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2+2=5: Getting Pulverized By The New America

There is something happening here.

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ASTORIA, NYC- I am only now starting to look outside my window and wondering what lies just beyond my field of view here in New York City.

When I first moved here last July I didn’t really care too much about the city. My interest and most of my work was in Asia, my focus was on setting up a base of operations to travel out of on various projects and assignments. So I set myself up with a sick video editing suite, nice stainless steel tables that stretch all the way across one side of a room, some shelving for video gear, added a 6K Blackmagic cinema camera and a proper set of lights. Then it was business as usual: I began traveling, collecting stories, giving talks, and coming back to NYC to process it all and publish.

Then the pandemic hit and I found myself marooned. A few months rolled by where I had my head down making progress on On the New Silk Road and a documentary about a community fighting against a Chinese development project in Malaysia. But I’m now running up against the end of these projects, and I’ve looked up from my desk, peered outside, and realized that there is an entire country out there gone batshit.

I grew up in a relatively impoverished village in Western New York, around 400 miles from New York City, right in between Rochester and Buffalo. There are a couple of prisons there and that’s about it. My school was relatively diverse for a rural community — around 15% black, 10% Hispanic, roughly a cross section of the USA as a whole — but I remember everyone getting along and ethnicity was rarely an issue. It probably helped that most of us were from a similar income bracket — dirt poor to working class — and race wasn’t an indicator of class.

But, even in the 80s and 90s, our educators were extremely proactive about race issues, drilling it into us from the start the standard rhetoric of the day: that everyone was the same and that race was only skin deep, that we shouldn’t treat people different because of their ethnicity, that we shouldn’t even really acknowledge race at all. We absorbed these teachings as though they were indisputable fact and went on with our days without thinking about everybody’s skin color all the time. Black and white kids would sit together during lunch, play sports together, make music in bands — we’d all laugh when the Mexicans would insult the teachers (for some reason they were always insulting the teachers) and we still reminisce about the time in 8th grade when Gary Burnie beaned the vice principal in the face with a baked potato during a food fight. Where I came from, if you partied and liked to have fun nothing else really mattered.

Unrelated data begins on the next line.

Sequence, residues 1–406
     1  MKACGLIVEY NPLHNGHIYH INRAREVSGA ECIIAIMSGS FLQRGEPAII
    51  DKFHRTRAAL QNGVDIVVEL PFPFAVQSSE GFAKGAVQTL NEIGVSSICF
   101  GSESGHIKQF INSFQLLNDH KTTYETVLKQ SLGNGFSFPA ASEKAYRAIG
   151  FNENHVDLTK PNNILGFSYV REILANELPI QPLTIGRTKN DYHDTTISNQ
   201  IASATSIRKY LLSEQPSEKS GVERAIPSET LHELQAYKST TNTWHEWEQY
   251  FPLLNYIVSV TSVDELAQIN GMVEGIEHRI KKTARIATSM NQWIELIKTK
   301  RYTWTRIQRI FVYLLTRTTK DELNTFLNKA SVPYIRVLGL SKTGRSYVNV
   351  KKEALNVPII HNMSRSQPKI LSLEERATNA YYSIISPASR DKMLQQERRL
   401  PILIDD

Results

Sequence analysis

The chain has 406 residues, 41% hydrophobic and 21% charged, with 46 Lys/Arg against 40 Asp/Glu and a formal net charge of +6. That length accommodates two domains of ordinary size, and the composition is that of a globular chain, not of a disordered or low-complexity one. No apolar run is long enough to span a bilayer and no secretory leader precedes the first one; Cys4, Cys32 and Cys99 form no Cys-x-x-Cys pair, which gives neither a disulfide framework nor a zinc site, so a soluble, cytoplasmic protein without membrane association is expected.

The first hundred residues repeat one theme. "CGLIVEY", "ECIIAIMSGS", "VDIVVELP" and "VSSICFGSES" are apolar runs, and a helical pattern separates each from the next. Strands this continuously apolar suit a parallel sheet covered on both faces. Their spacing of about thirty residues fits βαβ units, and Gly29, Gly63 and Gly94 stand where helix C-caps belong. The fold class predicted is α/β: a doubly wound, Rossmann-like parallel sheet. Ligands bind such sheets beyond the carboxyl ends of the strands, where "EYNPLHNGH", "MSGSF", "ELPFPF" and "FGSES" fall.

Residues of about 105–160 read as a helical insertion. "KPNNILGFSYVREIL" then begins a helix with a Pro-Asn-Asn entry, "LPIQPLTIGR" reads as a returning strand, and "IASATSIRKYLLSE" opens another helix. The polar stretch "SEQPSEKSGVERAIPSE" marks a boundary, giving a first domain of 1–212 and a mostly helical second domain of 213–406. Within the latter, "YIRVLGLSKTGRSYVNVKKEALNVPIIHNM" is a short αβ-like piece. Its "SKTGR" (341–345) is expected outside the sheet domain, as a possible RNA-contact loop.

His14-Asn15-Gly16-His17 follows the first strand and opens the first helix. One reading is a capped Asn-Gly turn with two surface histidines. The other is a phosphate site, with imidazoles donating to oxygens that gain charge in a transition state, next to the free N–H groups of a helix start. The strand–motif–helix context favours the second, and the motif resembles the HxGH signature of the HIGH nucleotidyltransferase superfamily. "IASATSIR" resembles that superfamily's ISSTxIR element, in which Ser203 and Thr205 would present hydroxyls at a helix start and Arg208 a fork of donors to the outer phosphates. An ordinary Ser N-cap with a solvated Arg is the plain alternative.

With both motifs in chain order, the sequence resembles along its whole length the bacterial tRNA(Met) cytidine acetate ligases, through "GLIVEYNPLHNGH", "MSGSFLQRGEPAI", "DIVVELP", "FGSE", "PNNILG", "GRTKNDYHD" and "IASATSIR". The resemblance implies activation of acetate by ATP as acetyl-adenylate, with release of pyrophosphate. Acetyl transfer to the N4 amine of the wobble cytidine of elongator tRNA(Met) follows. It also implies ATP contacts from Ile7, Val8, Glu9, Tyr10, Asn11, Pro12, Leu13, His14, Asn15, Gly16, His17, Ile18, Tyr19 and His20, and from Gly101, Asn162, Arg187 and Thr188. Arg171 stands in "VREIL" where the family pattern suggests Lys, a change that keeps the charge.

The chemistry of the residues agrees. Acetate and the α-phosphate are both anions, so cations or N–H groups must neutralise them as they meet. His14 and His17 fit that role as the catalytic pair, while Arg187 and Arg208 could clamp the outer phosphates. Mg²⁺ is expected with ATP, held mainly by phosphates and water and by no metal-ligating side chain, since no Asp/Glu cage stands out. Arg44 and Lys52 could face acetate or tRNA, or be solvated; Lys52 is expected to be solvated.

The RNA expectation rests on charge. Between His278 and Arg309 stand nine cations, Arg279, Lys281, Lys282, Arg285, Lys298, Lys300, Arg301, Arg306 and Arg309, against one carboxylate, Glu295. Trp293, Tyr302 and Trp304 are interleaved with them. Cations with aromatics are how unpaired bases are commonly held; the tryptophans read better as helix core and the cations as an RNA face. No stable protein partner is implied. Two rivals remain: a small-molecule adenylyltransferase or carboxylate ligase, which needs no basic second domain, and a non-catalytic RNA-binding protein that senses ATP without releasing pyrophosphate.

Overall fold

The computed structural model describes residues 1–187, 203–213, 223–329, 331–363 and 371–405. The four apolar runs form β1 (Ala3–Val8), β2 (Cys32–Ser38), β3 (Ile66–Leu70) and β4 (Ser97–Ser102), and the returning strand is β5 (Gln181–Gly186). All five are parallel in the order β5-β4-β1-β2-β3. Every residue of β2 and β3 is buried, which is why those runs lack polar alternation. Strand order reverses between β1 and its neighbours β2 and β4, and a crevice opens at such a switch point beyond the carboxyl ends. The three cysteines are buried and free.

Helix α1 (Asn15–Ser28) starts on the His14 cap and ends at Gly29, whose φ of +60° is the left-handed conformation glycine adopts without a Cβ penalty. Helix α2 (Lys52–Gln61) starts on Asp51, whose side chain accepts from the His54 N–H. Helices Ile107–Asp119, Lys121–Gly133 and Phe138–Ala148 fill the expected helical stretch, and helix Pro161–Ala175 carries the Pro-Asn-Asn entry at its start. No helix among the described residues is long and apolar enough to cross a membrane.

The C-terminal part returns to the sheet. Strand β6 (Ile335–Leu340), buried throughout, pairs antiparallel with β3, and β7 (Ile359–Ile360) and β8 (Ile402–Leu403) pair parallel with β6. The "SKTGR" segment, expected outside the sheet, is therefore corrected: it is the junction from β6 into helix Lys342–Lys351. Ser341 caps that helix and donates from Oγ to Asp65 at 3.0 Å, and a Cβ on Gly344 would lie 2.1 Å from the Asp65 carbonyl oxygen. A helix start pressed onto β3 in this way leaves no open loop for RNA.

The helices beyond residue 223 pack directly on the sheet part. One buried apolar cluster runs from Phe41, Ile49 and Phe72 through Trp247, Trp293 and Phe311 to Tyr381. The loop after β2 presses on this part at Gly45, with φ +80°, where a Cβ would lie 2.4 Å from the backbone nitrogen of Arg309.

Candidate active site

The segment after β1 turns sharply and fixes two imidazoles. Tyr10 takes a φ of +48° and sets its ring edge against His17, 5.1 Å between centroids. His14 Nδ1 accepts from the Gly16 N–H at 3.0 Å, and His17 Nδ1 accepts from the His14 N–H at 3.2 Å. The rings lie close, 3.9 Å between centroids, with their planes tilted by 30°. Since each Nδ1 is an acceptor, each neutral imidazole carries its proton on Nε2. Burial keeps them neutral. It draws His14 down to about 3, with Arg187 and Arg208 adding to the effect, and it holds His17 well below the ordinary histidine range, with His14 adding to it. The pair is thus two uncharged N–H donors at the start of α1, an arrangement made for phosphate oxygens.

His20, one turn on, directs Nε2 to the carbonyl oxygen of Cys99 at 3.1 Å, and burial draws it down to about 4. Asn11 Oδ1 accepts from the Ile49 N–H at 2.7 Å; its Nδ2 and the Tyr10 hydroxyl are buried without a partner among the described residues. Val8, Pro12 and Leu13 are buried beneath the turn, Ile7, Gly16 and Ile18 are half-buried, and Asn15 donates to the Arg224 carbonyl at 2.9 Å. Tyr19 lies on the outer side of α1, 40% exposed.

It was an easy assumption to make at this time that race issues would continue dissolving in the coming generations; that we’d all just blend together, ethnic lines would blur to the point of irrelevance, and we’d find other factors to separate the Us from the Them.

I couldn’t have been more wrong.

I feel as if I’ve been stuck in a weird sort of ideological amber for the past 20 years. My take on what America is has been frozen in time. I’ve mostly been abroad and have never really had much of a need to re-think the country I came from. But now that I’ve been stuck here longer than I’ve ever been since I started traveling at 18 I’ve had a chance to look around and I simply cannot believe what’s become of the place.

I truly do not understand what is going on: left is right, 2+2=5, what was considered racist when I was a kid has become the backbone of anti-racist theory now. The ideology of the country is being flipped upside down, and discourse, civil liberties, and rationalism is being trampled. We have entered a new intellectual dark age:

Apparently, if you say that all races are equal you are being racist.

If you say that you are color-blind towards race and treat all people the same regardless of skin color you are exhibiting racism.

All white people are racist.

A white person denying that they are racist is proof that they are racist.

Science is racist.

The suburbs are racist, too.

If you support the President of the United States or even the Republican Party, you are racist.

The United States has the third worst caste system in history, right behind Nazi Germany and India.

The National Museum of African American History and Culture says that signs of whiteness include, but are not limited to, rugged individualism, a nuclear family, objective and rational thinking, hard work, respect for authority, a desire to avoid conflict, and an appreciation of bland foods.

The city of Seattle held a segregated training for their white employees which instructed them how to undo their whiteness.

A woman in Indiana was murdered after an altercation where she said, “All lives matter.”

David Dorn, a black, retired police captain, was murdered for defending his friend’s pawn shop against a mob of looters in St. Louis.

A guy in Wisconsin was intentionally ran over for riding a Harley-Davidson motorcycle. His murder explained his actions by saying, “All racists ride Harleys.”

California is in the process of repealing Proposition 209, which says that you can’t discriminate against people on the basis of race in terms of employment. (No joke.)

John Muir is racist.

Many bird names are racist.

2+2=4 is a racist colonial construct. I’m not joking: